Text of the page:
One of the biggest threats to cryptocurrency holders is malware, which remains undetected on the system only to manifest itself when coins and other funds inexplicably go missing. Your antivirus software is of little use against the most advanced forms of malware, for several reasons:
There is evidence that malware can evade antivirus, either by being encrypted or by appearing so innocuous that it is unnoticed.
An existing program that seems safe can at a later time update itself to incorporate malware.
When you download a trial version of antivirus software, the program hides some files deep in the registry to ensure that after the trial expires merely deleting the program will not renew the trial. So if antivirus software is able to hide stuff on your system that cannot be easily removed or detected, so can malware.
People have lost Bitcoin despite having antivirus software running. It’s not uncommon to read stories of people having Bitcoin stolen despite antivirus not finding anything.
Remote Access Trojans (RATs) are the most dangerous form of malware, worse than even those cryptolockers. RATs can log your wallet private passwords (such if you’re using an electrum wallet) as you are typing them into the computer and then steal the coins. A program as innocuous as teamviewer, which millions of people have installed, can potentially be turned in a RAT. Rats can also search for computers with Bitcoin-related activity and then steal coins as users unlock wallets. This means if you have coins on an exchange and you move them to a Trezor or Ledger (which goes to show how even if you take all the necessary precautions such as buying a hardware wallet, you can still fail), the malware can steal the private key as soon as it is exposed.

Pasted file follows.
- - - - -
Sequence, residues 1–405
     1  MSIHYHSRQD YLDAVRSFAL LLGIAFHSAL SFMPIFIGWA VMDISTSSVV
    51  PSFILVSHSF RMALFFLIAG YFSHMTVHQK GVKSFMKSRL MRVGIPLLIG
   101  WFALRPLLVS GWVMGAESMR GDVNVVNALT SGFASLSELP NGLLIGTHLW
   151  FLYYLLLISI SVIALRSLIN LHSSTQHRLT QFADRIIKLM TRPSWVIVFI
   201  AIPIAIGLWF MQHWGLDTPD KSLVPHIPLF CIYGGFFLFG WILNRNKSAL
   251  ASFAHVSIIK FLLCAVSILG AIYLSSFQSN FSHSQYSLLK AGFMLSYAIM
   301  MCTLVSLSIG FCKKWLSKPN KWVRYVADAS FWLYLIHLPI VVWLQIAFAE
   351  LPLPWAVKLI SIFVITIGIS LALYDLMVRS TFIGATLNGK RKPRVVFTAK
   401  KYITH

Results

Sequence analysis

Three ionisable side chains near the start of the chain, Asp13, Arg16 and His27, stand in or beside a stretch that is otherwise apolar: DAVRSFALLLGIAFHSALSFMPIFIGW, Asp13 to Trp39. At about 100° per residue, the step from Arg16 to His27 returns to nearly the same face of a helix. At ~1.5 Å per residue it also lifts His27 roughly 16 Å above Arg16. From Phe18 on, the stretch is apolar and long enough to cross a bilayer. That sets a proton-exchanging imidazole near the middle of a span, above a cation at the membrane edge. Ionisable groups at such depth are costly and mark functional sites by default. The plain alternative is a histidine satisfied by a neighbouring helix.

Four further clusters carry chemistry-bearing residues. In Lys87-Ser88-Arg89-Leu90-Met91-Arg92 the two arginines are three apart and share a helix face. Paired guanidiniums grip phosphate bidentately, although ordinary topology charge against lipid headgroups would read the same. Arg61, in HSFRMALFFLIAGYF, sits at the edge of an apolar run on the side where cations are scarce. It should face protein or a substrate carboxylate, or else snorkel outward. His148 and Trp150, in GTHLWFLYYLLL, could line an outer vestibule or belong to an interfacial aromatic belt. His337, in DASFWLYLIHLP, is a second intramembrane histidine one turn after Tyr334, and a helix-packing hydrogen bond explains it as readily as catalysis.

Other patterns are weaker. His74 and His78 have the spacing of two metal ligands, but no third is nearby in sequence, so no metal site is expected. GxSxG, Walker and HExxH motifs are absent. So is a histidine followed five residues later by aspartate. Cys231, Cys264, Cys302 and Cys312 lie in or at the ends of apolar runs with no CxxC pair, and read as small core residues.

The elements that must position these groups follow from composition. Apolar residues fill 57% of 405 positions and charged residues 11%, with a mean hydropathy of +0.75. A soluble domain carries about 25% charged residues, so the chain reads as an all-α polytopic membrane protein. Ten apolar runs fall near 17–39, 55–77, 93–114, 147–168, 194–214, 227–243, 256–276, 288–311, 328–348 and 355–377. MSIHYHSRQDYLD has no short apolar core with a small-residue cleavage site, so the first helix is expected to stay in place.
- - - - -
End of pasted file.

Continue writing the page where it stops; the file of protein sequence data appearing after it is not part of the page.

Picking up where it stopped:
Antivirus software tends to generate too may alerts and false positives, which are annoying and make people included to turn off the program, hence diminishing its effectiveness.
For these reason and others, I don’t use antivirus software. I haven’t used antivirus in years and have never had problems with my computer being infected. My solution, to the best of my knowledge, is completely new, but I believe to be far more effective than antivirus at detecting major threats.
Given the all the attention Bitcoin has gotten and the extreme valuations of these currencies, advanced malware is programmed to home in on Bitcoin keys and wallets. A single wallet that holds a few coins is far better than a bunch of credit card numbers or filling one’s computer with pop-up generators.
So what I do is keep a Litecoin wallet open at all times on my computer, which has $60 in it (about 1/3 of a single Litecoin) and is unencrypted. I also keep the secret key in plaintext. If is vanishes, then I know my system is infected, which so far after 4 months of running the experiment it hasn’t. Does this not seem like a waste of money when instead for $60 I could buy a full-fledged antivirus software? But I would rather lose the $60 and know what I am fully up against than spend $60 on a program that will only give me a false sense of security.
If your computer is infected, the only safe option is to backup important files and just reformat everything and then redo the Litecoin test.